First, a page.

Personal health budgets could help towards the £20 billion NHS
savings needed over the next four years* according to a new In
'Quality, Innovation, Productivity and Prevention (QIPP) and
Personal Health Budgets' identifies how personal health
budgets could contribute to the savings that need to be made by the
NHS - and improve the quality of services.
In the Comprehensive Spending Review, the Government announced its
commitment to the expansion of personal health budgets, which give
people with established health needs, choice and control over their
A programme to pilot the use of personal health budgets with 64
primary care trusts (PCTs) is currently running.
According to the report, which was produced in partnership with
NHS North West Strategic Health Authority and the North West Joint
Improvement Partnership, there are seven areas where personal
health budgets could contribute to efficiency gains and service
quality improvements in the NHS.
Involving people in decisions and
being responsive to their needs:
Expecting individuals to be active participants rather than
passive recipients of services has been shown to improve health
outcomes and reduce the costs of care.
Improving health outcomes by putting people in control of
their own care:
Through personal health budgets, patients become part of
formulating the problem, identifying the solution and evaluating
effectiveness. Being in control has been shown to improve
Developing alternative, less costly
packages of care:
Personal health budgets provide individuals with the opportunity
to develop tailored packages of care rather than slotting into a
menu of commissioned services that can be more expensive .
Reducing the overall use of
services through greater prevention:
There are significant opportunities to use the flexibility and
person centred nature of a personal health budget in a preventative
way to reduce costs elsewhere in the NHS, particularly the costs of
unplanned admissions and use of emergency services.
Increasing competition between
One of the central policy objectives of personal health budgets is
to make providers more responsive to the needs of service users by
giving people the ability to put pressure on providers to develop a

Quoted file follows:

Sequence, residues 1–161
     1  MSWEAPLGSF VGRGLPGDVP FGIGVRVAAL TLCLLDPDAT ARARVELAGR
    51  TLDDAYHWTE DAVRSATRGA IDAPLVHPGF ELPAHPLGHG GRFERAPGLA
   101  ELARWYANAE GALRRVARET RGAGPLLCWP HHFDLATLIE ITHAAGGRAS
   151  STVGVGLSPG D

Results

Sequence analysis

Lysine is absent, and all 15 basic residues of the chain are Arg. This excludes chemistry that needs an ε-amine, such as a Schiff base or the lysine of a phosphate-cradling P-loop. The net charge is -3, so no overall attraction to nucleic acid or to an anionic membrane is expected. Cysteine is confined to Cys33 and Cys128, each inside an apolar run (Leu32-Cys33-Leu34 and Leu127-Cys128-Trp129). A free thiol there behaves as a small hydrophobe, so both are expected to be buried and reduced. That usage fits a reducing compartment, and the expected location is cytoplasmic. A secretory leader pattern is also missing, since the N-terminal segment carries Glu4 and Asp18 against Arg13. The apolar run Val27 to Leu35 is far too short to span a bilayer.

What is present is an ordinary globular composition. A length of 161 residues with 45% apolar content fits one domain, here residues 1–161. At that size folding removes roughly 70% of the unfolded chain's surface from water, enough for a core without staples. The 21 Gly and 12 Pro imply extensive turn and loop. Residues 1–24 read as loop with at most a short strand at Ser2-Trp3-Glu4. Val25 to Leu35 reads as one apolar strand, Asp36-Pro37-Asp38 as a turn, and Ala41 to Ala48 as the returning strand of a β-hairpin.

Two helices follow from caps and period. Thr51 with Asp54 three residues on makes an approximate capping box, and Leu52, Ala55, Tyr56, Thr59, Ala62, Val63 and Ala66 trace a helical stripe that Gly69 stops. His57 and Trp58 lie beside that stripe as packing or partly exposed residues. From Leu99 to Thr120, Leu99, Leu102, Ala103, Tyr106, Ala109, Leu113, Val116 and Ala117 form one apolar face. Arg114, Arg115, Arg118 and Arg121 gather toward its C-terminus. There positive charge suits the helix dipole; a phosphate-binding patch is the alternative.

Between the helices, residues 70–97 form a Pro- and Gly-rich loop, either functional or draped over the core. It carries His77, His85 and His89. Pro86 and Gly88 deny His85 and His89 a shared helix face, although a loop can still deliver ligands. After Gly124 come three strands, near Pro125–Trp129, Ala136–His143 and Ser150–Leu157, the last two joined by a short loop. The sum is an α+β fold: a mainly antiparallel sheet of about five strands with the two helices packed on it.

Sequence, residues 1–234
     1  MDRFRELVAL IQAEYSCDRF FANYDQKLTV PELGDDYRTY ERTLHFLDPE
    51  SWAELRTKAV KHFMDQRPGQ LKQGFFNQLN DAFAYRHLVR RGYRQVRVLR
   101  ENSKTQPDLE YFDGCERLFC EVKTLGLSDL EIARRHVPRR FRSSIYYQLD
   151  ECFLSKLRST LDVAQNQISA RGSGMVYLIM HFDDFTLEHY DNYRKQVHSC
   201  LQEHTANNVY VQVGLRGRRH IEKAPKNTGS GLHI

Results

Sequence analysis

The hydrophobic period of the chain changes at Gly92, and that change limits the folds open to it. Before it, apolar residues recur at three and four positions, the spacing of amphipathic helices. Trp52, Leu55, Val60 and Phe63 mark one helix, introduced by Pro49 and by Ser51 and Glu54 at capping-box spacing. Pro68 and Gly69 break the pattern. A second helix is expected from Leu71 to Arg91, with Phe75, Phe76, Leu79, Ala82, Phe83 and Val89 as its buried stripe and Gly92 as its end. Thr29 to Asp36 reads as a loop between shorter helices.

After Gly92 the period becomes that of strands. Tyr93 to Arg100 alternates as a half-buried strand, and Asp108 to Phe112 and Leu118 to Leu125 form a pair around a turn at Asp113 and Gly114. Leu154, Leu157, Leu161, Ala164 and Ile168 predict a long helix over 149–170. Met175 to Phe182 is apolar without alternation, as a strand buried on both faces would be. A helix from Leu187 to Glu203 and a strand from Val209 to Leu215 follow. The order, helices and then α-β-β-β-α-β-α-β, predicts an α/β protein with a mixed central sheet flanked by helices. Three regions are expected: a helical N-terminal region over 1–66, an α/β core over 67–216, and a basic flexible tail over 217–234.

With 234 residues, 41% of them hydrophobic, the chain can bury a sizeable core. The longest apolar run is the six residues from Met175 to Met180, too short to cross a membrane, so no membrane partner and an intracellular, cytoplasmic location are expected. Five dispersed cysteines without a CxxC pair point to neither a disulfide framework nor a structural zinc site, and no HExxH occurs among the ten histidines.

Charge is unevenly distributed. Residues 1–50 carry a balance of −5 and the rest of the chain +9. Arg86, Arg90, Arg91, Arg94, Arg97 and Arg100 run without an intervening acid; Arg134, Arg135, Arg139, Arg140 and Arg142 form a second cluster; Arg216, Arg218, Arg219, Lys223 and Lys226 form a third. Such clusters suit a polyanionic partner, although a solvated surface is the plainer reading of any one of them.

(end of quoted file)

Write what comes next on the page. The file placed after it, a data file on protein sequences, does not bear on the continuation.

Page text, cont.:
new set of services or see custom go elsewhere.
Improving coordination between
Personal health budgets can be an important tool for improving
coordination, particularly between NHS and social services and in
the transition from children's to adults services.
By shifting control to individuals and families, personal health
budgets will reduce the need for professionally trained
The paper also highlights the existing evidence on cost
effectiveness of personal budgets in social care, which shows one
local authority achieving 12 per cent savings, with the average
savings being nine per cent.**
Vidhya Alakeson, from In Control's health programme - Staying in
Control, said: "The potential for personal health budgets to
contribute to efficiency savings in the NHS, and to improve service
users' lives is clear. Experience from social care creates a
certain amount of confidence that these opportunities can be
"We all have a vested interest in ensuring that NHS resources are
put to the best possible use to create the biggest possible
improvement in people's health and lives. Keeping people well
and in employment, preventing their conditions from deteriorating
and avoiding hospitalisation and residential placements by
providing effective community-based care are all areas where
significant efficiency savings can be made. Personal health
budgets have an important contribution to make in all of these
You can download a copy of the 'QIPP and Personal Health
Budgets' report below.
*In the Comprehensive Spending Review in October, an
0.4 per cent increase in spending was announced for the next three
years. However analysis by the Kings Fund and Institute for
Fiscal studies suggests that an increase of 1.1 per cent per year
between now and 2017 is required just to meet demographic pressures
while maintaining current standards. A gap of between £15
billion and £30 billion will have to be made up through efficiency
** Figures from In Control's evaluations 2003-2005
and 2005 to 2007.